If the practice owner does not pay close attention, some staff members will exert gradual influence over their work hours and have a big impact on their total compensation. With the recent expansion of federal overtime rules under the Fair Labor Standards Act (FLSA), optometrists should be more vigilant about work hours than ever, but even without that, it makes good business sense to control your staff schedules. In this article, I’ll describe a common way that staff work hours can become out of balance and what you can do about it.
Staff work habits can begin innocently enough, but they often have a way of becoming embedded into the norm and then are harder to change. Practice owners and office managers should be aware that what seems to be a great work ethic by a well-meaning employee can actually hurt the practice. Sometimes you have to just say no when staff members want to change their hours.
The work situation
Here is how the problem starts: an employee alerts you to a problem with getting the work done. It could be lab orders not getting out, insurance claims not filed or any other task. He or she also proceeds to offer a possible solution, such as coming in early, staying late or working through lunch. A busy doctor or manager could easily jump at the welcome answer to the problem, but there may be better solutions. At best, allowing extra work hours should be temporary, but it may be best to say no upfront.
What is really happening during the day?
The initial proposal from the employee could be innocent or even noble, but if the staff member likes the extra hours because it results in a bigger paycheck, he could easily start to slow down on work during the normal work hours in order to justify the additional hours as necessary.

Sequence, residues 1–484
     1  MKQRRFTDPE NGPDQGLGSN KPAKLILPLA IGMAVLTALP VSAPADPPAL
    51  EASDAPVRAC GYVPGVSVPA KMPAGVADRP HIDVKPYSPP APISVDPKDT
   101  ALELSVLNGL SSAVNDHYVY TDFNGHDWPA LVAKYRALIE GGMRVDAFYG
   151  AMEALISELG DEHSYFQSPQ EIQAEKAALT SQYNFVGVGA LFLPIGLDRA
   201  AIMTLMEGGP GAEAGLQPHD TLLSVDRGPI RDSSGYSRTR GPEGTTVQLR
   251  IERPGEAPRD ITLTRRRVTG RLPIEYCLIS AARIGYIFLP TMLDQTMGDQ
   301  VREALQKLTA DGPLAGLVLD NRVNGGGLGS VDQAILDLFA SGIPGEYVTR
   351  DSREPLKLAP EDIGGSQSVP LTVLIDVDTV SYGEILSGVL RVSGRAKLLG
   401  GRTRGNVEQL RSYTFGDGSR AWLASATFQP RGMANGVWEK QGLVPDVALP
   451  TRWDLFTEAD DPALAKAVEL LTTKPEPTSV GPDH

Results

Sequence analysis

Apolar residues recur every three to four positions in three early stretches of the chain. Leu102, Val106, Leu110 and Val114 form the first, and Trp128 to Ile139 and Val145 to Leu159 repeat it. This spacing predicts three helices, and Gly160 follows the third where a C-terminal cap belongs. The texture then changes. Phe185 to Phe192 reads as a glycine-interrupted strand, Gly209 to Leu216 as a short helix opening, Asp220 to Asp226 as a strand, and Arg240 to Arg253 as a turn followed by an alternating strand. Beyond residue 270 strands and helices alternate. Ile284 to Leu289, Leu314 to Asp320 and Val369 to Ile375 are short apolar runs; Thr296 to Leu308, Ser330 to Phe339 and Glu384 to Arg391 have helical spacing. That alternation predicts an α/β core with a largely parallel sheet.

What is the employee’s real motivation?
The big benefit to staff is the increased pay they receive for the extra work hours. A secondary factor might be that the additional time works out well with their personal life. I have had employees want to start work early because they need to get a ride with their spouse and that person’s commute is quite early. Some employees don’t like to eat lunch and they would love to work through it and snack at their desk. Some staff members do not want to go home at 5pm because the house is empty.
I’m not saying you can’t accommodate these special needs, but understand the true reasons and only agree if it is also good for the practice.
Not necessarily overtime
The additional hours may not cause an overtime problem, but if it does push an employee into more than 40 hours per week, the situation is more serious. Employers must pay time and a half in that situation (with some exceptions) and you should not agree to pay straight time, even if the employee offers it. New overtime rules will take effect on December 1, 2016 which will increase employee eligibility for overtime based on salary and exemption requirements.
I would rather hire an additional employee than authorize overtime on an ongoing basis.
What to do if you already allow it?
If you already allow an employee to work certain hours that you do not feel are beneficial for the practice, here are some ways to return the schedule to normal and re-establish control of it.
If the hours are not creating overtime, you might agree to special hours as a grandfather clause, but don’t allow it in the future.
Explain to the employee why you can’t continue with the special hours. Perhaps you need an additional employee anyway or the overtime pay is not in the budget. Maybe the situation is not fair to other employees.
Consider letting the employee move back to the correct schedule gradually, so it is not too big a shock to their personal budget.
Require that employees take a lunch break and define how long it is. It is a good policy for employees to take a break and they can also take care of personal things like phone calls and texts. Many practices have staff work through lunch when they are small, but as the staff grows, it is best to take lunch in two shifts with no patients scheduled.
Hire another employee so the staff member who was working extra can’t complain that he is stressed out and overworked.
Best wishes for continued success,
Neil B. Gailmard, OD, MBA, FAAO
Editor, Optometric Management Tip of the Week
Dr. Gailmard's new book, Practice Management in Optometry: A Blueprint for Success Based on the Optometric Management Tip of the Week, is now available on Amazon.